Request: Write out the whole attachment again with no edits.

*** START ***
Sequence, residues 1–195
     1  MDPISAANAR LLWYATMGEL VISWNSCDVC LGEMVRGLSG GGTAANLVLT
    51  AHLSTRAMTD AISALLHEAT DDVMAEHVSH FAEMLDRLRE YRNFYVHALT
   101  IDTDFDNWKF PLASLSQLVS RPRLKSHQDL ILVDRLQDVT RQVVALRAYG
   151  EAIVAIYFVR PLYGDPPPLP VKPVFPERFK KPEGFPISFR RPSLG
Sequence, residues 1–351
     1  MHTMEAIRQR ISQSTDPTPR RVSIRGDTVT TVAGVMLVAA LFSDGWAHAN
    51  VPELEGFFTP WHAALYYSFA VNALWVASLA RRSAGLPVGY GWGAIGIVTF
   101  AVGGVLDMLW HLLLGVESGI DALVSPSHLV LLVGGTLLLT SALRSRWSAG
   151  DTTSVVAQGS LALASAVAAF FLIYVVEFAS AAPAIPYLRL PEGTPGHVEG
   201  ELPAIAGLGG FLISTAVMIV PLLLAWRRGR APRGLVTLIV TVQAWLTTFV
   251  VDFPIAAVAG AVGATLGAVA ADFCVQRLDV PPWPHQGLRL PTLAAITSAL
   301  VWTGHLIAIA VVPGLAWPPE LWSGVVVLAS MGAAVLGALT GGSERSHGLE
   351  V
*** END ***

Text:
Sequence, residues 1–195
     1  MDPISAANAR LLWYATMGEL VISWNSCDVC LGEMVRGLSG GGTAANLVLT
    51  AHLSTRAMTD AISALLHEAT DDVMAEHVSH FAEMLDRLRE YRNFYVHALT
   101  IDTDFDNWKF PLASLSQLVS RPRLKSHQDL ILVDRLQDVT RQVVALRAYG
   151  EAIVAIYFVR PLYGDPPPLP VKPVFPERFK KPEGFPISFR RPSLG
Sequence, residues 1–351
     1  MHTMEAIRQR ISQSTDPTPR RVSIRGDTVT TVAGVMLVAA LFSDGWAHAN
    51  VPELEGFFTP WHAALYYSFA VNALWVASLA RRSAGLPVGY GWGAIGIVTF
   101  AVGGVLDMLW HLLLGVESGI DALVSPSHLV LLVGGTLLLT SALRSRWSAG
   151  DTTSVVAQGS LALASAVAAF FLIYVVEFAS AAPAIPYLRL PEGTPGHVEG
   201  ELPAIAGLGG FLISTAVMIV PLLLAWRRGR APRGLVTLIV TVQAWLTTFV
   251  VDFPIAAVAG AVGATLGAVA ADFCVQRLDV PPWPHQGLRL PTLAAITSAL
   301  VWTGHLIAIA VVPGLAWPPE LWSGVVVLAS MGAAVLGALT GGSERSHGLE
   351  V